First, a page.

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Breeders unite in fight against puppy farms



Last weekend saw two well organised demonstrations take place outside well-known pet superstore DOGS4US, in both Manchester and Leeds.

Although the call to support the demonstrations went out a little late, the Leeds demonstration in particular had great support from dedicated dog breeders who were anxious to show their concerns regarding the source of puppies offered for sale.

Manchester protestConcerns had been raised recently by Shih Tzu owners, as reported in depth in last week’s OUR DOGS. As a result breeders began to contact each other and mobilise with much of the background work being done by Margaret Flack, pictured here at the Manchester demonstration. She and others actually travelled to both Manchester and Leeds and Maggie was quick to emphasise the support she has received from family and friends Carol, Alex, Christine, Garry, Richard and Janice who ‘were nearly arrested for standing up for what they think is right.’
At the Manchester branch of Dogs4us, OUR DOGS’ Vince Hogan attended and also visited the superstore which has in fact been operating on this site for nearly 40 years, under a number of names, and as Mayfield Kennels for much of that time.

Current owner Mr Ray McCadden was not on site at the time, but Mr Hogan was given access to the premises by Store Manager Colin Yarwood. The store was particularly busy, primarily with customers for the large shop which contained a massive range of well-known foods and products. Puppies were displayed in a separate section from the shop, all with prices and breed characteristics shown; of course none are Kennel Club registered but rather with the Dog Lovers’ Registration group.

Many families were looking at the puppies for sale and it was fairly obvious that they were not really aware of the option to buy direct from breeders, or of things like the Kennel Club guidelines for puppy purchases. The Kennel Club had issued a press statement supporting the demonstrations and copies were made available to people coming in and out of the store.
In fact, one of the problems with the recent BBC TV show produced by Jemima Harrison is that people are now being driven to superstores like this as pedigree dog breeders and the Kennel Club have been given such a bad name, unfairly, by these programme makers. Surely that could not have been the aim of the programme makers?

The hardy band of protesters collected a number of signatures at the gates and also distributed information to make people aware that there were alternative sources to obtain a puppy with advice and aftercare and follow-up from dedicated breeders.

They also discussed the problem with Bernard Lea, a local Councillor in Salford, and local MP Ian Stewart has also taken an interest.

Lively affair

Leeds by contrast was a much more lively affair with over 100 people and half a dozen police attending. There were arguments at the gates and the police videoed the crowd from a van. Margaret Flack’s daughter, 17-year-old Marileanne, was warned not to go near the premises and that she ‘was being watched’. Apparently the staff at the store felt threatened but with such a police presence it was perhaps an unfounded fear, especially when tea and biscuits were brought out to the police by the store’s staff!

A number of TV crews attended although it was not thought that Jemima Harrison was amongst the media.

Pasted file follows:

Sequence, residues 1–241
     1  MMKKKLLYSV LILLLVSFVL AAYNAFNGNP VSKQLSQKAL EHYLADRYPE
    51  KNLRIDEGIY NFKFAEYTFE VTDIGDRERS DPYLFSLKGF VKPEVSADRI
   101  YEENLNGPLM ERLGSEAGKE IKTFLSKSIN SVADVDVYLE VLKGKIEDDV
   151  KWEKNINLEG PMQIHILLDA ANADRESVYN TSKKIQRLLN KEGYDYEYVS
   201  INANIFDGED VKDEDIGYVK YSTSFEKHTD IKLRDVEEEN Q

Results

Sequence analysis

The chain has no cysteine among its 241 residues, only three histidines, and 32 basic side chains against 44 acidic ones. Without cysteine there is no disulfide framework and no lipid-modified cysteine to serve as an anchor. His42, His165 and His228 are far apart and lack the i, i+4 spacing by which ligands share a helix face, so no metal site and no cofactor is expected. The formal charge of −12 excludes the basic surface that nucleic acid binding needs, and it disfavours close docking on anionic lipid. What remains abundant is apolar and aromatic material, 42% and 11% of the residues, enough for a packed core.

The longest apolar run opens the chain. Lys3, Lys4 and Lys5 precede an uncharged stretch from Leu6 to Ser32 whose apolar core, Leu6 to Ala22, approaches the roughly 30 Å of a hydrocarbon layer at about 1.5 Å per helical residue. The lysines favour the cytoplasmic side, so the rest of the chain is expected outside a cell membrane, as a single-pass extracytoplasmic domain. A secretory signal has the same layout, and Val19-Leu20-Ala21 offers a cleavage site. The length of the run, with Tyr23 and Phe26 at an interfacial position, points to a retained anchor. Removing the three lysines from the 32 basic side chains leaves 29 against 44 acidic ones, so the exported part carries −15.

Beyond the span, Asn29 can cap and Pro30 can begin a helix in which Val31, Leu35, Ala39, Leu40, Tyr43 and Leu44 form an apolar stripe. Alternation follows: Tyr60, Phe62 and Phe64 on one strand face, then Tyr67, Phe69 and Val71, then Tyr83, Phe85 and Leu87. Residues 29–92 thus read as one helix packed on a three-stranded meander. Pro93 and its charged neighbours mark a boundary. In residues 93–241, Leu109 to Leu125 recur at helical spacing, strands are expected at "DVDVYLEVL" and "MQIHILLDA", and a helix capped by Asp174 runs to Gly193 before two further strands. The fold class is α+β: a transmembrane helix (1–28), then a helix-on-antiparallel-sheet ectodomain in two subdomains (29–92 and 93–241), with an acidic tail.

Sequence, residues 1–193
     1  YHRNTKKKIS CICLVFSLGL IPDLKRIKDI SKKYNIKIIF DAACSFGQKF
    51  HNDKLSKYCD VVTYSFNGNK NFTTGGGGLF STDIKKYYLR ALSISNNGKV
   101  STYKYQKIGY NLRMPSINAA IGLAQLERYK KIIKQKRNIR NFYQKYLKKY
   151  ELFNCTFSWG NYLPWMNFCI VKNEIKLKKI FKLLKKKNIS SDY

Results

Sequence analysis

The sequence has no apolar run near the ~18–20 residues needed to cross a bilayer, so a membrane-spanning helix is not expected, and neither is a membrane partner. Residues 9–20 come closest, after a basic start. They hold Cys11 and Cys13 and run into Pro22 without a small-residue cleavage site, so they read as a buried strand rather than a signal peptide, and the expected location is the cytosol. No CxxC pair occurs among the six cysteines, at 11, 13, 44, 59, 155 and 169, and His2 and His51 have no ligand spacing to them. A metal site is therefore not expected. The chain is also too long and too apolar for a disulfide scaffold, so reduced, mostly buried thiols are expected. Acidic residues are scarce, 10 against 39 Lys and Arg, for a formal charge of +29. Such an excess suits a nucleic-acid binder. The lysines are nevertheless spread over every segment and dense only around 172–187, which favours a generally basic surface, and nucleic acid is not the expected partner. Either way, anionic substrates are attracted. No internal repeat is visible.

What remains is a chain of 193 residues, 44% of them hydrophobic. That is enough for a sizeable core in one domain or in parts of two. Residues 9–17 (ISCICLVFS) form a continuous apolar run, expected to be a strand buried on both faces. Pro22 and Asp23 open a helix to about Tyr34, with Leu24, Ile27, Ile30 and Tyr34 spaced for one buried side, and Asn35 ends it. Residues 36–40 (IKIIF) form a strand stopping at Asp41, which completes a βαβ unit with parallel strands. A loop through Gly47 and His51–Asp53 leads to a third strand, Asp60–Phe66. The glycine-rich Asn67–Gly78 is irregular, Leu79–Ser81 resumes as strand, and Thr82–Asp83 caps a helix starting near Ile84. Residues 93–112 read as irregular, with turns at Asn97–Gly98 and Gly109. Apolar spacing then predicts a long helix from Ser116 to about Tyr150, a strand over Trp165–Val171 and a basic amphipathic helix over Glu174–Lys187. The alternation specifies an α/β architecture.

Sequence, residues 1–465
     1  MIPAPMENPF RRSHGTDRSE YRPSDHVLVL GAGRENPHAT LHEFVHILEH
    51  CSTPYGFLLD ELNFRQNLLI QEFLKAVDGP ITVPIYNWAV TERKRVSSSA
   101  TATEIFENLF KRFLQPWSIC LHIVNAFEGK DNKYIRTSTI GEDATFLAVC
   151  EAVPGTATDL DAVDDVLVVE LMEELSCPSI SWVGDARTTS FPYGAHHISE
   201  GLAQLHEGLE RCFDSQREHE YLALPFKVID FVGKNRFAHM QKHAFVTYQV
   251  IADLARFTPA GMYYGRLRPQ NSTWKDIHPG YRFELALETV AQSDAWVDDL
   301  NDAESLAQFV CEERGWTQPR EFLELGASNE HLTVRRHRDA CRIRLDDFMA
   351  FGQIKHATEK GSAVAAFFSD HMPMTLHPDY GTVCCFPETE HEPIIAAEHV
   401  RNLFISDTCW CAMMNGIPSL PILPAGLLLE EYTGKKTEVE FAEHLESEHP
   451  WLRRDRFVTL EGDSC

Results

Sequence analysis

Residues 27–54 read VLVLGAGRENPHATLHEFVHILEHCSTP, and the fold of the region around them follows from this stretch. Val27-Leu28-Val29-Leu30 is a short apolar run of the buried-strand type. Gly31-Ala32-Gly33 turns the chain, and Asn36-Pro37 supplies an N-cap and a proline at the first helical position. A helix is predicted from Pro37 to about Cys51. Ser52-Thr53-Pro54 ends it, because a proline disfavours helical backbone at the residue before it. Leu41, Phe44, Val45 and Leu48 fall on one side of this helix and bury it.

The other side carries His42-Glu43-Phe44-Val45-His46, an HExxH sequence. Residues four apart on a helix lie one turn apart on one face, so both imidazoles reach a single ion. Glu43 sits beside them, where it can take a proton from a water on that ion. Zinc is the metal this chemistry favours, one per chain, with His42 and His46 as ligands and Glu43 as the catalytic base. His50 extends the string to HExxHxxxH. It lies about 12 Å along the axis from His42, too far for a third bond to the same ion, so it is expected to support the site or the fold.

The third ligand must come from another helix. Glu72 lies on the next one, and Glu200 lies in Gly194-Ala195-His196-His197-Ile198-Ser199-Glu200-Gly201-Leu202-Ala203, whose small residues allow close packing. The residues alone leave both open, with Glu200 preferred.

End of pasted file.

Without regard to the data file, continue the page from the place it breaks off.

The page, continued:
Margaret Flack and her many supporters are rightly concerned about the sources of puppies sold in stores like this in the UK.

Mrs Flack says: ‘I have visited a puppy farm and what I saw ... well, how do you describe what happens there? No glossing over, these puppies are in pens waiting to be shipped, dried food thrown into them, bitches waiting to be mated all in other pens.

‘The mothers who are having pups in another and the mums with pups in box type beds with a bit of sawdust and shredded paper for bedding.

‘What they can’t sell, well you just hit it over the back of a head and what dies goes in the bin,’ added Mrs Flack.

Our Dogs MD signs petitionShe then went on to say: ‘I am concerned that many of these pups seem too thin and undernourished generally. Rotties in a cage very thin, a Weimaraner so thin you can count its ribs and it could hardly stand, a Shih Tzu lying on the floor in its own urine not looking or getting up as a stream of people walked by and kids banged on the window.

‘I was able to hold some of these pups and a coat can hide a multitude of sins and the puppies were thin, you could see the faults in the neglect that was obvious. No cameras are allowed of course.

‘I sat and listened as a Shih Tzu pup was being sold and the buyer was saying her friends had bought one a couple of weeks before that and how they lived in a shed. They were buying a boy so that when the bitches came into season they could have puppies... horrific, to listen to that when you think how much effort dedicated breeders put in, only to be castigated by the TV programme as breeding mutants or dogs with genetic defects.

‘I am also surprised that many of the food companies do not seem bothered about what is going on; business is business!

‘All good breeders should sign the petition calling for an end to the puppy farms and retail outlets that give them a market; give the Kennel Club the power that is needed and give the Kennel Club the chance to make a difference and then we might see a way forward for the future of dogs. After all you can’t even sell a goldfish at a fair but you can trade in dogs.’

Apparently more demonstrations are being planned and these will be covered in advance in OUR DOGS in print and on our website.

Ourdogs’ publisher, David Cavill, has added his own thoughts to the Pedigree Dogs exposed
tv programme.

You can see this by clicking this link